Matisse, 12 years Picasso’s senior, was born to a prosperous business family in northern France. He earned a law degree in Paris and was practicing back home as a court assistant when in his early 20’s he decided to change careers. He left for Paris to become an art student and by 1896 his work was in major Parisian exhibitions. His rise to prominence as a major artist was complete by 1905. Matisse’s lifework, while as broad as Picasso’s in exploring drawing, printmaking, painting, sculpture, and decorative arts, was far more focused as an intellectual study.

Matisse’s interest with pattern dominated his career, whether abstractly in thinking about lines as shapes or in thinking about brilliantly colored shapes playing off each other. He constantly tried to refine his subjects into their elemental linear components, as in The Plumed Hat. In the early 1940s, when poor health affected his dexterity, Matisse turned to what he called “drawing with scissors,” in which he cut forms out of brightly colored paper and pinned them together. Some of these stood on their own as artworks, and others served as models for more elaborate projects.

One such project is Jazz, which consists of a book and album, each with the same 20 prints. Two hundred and seventy copies of the book and 100 copies of the album were created, resulting in a total of 7,400 prints. A team of printers worked for years to create stencil prints from the collages designed by Matisse. The sheer level of skill, control, and dedication required to create Jazz is one of the reasons it is among the greatest achievements in printmaking. The exhibition will display 17 of the 20 prints from the Jazz album.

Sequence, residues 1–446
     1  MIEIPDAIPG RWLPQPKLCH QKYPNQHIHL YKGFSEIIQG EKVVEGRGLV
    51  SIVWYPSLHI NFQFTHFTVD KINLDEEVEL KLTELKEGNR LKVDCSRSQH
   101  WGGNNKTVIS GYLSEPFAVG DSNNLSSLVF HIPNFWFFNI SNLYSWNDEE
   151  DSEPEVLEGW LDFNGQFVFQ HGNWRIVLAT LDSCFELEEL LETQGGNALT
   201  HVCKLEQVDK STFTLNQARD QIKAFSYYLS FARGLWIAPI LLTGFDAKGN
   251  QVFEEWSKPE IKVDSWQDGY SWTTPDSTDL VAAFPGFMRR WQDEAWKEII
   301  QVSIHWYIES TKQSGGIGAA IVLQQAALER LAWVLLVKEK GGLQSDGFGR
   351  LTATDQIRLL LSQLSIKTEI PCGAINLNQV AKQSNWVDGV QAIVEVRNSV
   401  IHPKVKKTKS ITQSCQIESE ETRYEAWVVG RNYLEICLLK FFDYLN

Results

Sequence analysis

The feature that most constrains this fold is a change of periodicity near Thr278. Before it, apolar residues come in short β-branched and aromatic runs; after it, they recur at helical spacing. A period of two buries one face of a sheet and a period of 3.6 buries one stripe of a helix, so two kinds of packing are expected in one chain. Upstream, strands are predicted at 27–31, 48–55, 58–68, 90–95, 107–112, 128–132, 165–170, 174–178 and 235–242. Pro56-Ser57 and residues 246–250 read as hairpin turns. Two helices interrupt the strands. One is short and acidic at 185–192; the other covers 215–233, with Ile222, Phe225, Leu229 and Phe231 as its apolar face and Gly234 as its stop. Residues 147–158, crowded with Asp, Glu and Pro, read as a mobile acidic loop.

Hours and Admission Museum hours are 10 a.m.–4 p.m. Wednesdays and Thursdays, 10 a.m.–10 p.m. Fridays, and 10 a.m.–5 p.m. Saturdays and Sundays. Admission is $8 for adults, $6 for seniors, $4 for ages 6-17, and free for DIA members. For membership information call 313-833-7971.
Photo by Marvin Shaouni

Sue Mosey spends a lot of time telling stories. When I first met her, she breezed through two hours of narration about the behind-the-scenes practicalities of cultivating a vibrant center in the city of Detroit, a story she is clearly well-practiced at delivering to the many national journalists who come to her with questions. A few days after our meeting, I saw her again at Fourteen East, a Midtown café that opened one year ago after Mosey inspired the owner to host her new venture on Woodward Avenue, Detroit’s central corridor. Mosey was at the café to pose for photographs before meeting a potential funder for lunch, where her strategic storytelling was again called upon — this time, to inspire concrete commitments for the non-profit that Mosey leads, and which, in turn, is headlining the city’s revival.